If there were a medal for the columnist Salon liberal readers love to hate, David Horowitz would walk with it. Just as Joe Conason gets the most hated liberal award hands down, there's just something about David that gets our liberal readers excited.
Most of it has to do with simple ideology: Salon's liberal leaders reliably deluge our in boxes with vitriolic letters every other Tuesday, starting at about 12:01 a.m. Eastern time, just after Horowitz's column goes live. And the new liberal online gatekeepers routinely malign and bash Horowitz the way Freepers go after Chelsea Clinton.
Take this little ditty from American Politics Journal's Jeff Koopersmith. "If I ever actually meet this bastard, I promise to clonk his chubby bearded head in as many places as possible before the Gestapo rips me off him."
Safe to say Horowitz won't be spending Thanksgiving at the Koopersmith estate.
But when an apparent factual error appeared in Horowitz's latest column, our mailboxes overflowed, thanks in part to a posting on Bartcop.com taking Horowitz to task. Here's a little sample:
H.L Williams writes, "Horowitz states, 'On one ship, the Aurora, 10 percent of the women en route to the war zone got pregnant.' Strange thing about this floating pleasure palace, the Aurora ... it doesn't seem to exist! A browse through the list of current U.S. Navy Ships doesn't show an Aurora, nor does the Navy's list of de-commissioned ships.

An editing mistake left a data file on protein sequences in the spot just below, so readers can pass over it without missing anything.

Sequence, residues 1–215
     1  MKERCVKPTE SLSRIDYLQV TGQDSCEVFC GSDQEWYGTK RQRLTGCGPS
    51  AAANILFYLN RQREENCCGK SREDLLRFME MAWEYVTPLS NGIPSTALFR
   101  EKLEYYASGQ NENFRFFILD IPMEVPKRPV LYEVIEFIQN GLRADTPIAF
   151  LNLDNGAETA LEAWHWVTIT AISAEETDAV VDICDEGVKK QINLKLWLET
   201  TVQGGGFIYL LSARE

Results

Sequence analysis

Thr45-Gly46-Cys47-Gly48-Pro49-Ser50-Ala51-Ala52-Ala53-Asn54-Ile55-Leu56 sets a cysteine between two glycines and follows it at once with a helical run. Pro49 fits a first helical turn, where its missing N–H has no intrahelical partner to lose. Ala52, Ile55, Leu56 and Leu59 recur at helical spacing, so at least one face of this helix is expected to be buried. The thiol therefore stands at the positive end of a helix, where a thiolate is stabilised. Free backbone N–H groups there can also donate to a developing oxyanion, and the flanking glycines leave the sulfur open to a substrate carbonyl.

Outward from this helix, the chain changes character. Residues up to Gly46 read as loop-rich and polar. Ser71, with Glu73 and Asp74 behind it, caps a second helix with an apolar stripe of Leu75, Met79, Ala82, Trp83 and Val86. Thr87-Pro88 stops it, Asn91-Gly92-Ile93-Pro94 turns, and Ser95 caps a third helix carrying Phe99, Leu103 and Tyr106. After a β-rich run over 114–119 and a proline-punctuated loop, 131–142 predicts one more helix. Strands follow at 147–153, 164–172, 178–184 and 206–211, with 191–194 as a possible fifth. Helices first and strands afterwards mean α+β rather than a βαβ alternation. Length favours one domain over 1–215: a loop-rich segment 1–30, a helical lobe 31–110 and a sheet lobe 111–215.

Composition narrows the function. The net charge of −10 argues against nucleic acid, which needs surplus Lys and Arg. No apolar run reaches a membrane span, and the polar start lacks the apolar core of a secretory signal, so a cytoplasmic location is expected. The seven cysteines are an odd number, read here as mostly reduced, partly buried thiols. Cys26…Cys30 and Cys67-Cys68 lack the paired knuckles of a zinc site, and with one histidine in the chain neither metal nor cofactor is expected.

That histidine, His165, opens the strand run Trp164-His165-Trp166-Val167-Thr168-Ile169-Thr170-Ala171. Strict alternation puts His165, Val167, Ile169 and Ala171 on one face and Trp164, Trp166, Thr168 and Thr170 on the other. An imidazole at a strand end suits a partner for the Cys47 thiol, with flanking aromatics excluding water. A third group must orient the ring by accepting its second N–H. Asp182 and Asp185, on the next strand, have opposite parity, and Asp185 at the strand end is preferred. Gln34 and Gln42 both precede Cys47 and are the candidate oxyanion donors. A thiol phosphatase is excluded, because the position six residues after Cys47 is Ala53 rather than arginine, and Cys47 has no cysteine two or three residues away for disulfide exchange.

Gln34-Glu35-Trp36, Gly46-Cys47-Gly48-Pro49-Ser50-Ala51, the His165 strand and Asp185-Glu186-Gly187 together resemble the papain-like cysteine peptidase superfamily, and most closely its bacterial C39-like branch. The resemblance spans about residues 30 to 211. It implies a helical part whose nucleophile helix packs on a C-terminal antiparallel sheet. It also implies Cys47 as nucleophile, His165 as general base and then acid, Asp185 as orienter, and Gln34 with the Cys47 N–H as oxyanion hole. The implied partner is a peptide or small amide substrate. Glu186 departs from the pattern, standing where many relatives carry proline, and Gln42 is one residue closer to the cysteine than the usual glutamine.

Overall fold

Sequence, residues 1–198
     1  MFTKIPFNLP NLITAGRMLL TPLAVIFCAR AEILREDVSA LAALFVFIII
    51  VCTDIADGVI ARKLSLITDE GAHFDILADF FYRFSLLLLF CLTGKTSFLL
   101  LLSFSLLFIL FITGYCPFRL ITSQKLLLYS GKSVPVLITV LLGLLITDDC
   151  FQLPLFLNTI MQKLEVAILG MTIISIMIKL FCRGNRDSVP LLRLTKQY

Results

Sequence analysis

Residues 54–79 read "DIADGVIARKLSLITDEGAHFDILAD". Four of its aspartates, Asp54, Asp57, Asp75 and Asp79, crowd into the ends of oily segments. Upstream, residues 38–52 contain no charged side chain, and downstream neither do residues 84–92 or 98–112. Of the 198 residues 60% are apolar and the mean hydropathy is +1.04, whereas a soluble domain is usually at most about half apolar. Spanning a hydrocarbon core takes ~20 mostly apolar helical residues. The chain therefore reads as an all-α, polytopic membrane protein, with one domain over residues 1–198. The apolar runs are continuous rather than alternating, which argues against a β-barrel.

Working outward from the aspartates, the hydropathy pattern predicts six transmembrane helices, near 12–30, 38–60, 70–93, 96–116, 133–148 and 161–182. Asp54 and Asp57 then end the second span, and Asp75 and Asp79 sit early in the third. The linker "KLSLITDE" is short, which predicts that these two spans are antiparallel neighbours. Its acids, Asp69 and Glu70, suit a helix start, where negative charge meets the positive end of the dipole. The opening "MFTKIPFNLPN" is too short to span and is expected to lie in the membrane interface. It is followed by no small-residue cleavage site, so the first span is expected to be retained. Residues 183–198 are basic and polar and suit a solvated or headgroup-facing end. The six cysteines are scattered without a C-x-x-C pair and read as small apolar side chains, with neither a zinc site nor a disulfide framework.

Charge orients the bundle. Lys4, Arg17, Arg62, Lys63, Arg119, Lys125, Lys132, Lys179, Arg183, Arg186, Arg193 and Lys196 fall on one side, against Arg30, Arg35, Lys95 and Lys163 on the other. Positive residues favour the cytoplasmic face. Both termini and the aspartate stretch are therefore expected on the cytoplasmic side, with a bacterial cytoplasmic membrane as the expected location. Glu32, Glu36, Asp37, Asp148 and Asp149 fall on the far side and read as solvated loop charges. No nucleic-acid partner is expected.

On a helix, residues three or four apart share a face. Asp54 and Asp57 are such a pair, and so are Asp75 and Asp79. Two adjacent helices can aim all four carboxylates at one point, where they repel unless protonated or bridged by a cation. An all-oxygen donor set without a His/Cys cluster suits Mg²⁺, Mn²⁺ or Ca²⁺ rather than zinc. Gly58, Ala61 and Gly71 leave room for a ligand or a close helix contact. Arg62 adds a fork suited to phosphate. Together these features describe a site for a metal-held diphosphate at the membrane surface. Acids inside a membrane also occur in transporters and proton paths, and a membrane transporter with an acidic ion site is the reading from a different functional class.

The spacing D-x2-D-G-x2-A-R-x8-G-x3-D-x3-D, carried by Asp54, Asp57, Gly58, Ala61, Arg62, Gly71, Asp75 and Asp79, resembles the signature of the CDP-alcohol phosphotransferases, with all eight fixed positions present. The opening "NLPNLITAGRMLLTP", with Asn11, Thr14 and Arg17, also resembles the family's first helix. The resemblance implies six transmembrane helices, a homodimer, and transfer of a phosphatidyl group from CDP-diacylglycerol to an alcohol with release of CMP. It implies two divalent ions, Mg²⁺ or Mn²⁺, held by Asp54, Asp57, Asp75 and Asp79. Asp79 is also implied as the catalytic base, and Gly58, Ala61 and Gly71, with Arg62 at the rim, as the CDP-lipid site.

"The only use I was able to find of the Aurora name in the U.S. Navy was an Argo Class Patrol Boat from WWII, WPC-103, commissioned the 21st of December, 1931! Can Horowitz account for the phantom ship?"
Other amateur naval historians, and a few sci-fi buffs, also chimed in. A reader named Zach writes, "So, 10 percent of the female soldiers on the USS Aurora got pregnant on the way to the Persian Gulf? Funny the only USS Aurora I have been able to find any reference to is the USS Aurora from 'Star Trek.' Did Mr. Horowitz just make up that little factoid? If he did, then can I be a columnist, also? I can make up much better fiction without stealing it from a TV show."
Thank you for your interest, Zach. Form letter to follow.
But it turns out our readers were right. The ship was named the Acadia, and 36 women were sent home due to pregnancy at some time during its seven-month stint in the Gulf, not en route to the conflict. The 10 percent stat has been widely thrown around by people opposed to women serving in the military, but the Navy has always disputed the figures and says the actual number was 5 percent.
The level of Horowitz-based hatred is proof of the fact that if Horowitz didn't exist, liberals would have to invent him. In any event, mistakes were made, and that calls for a correction. You can read the entire correction here.
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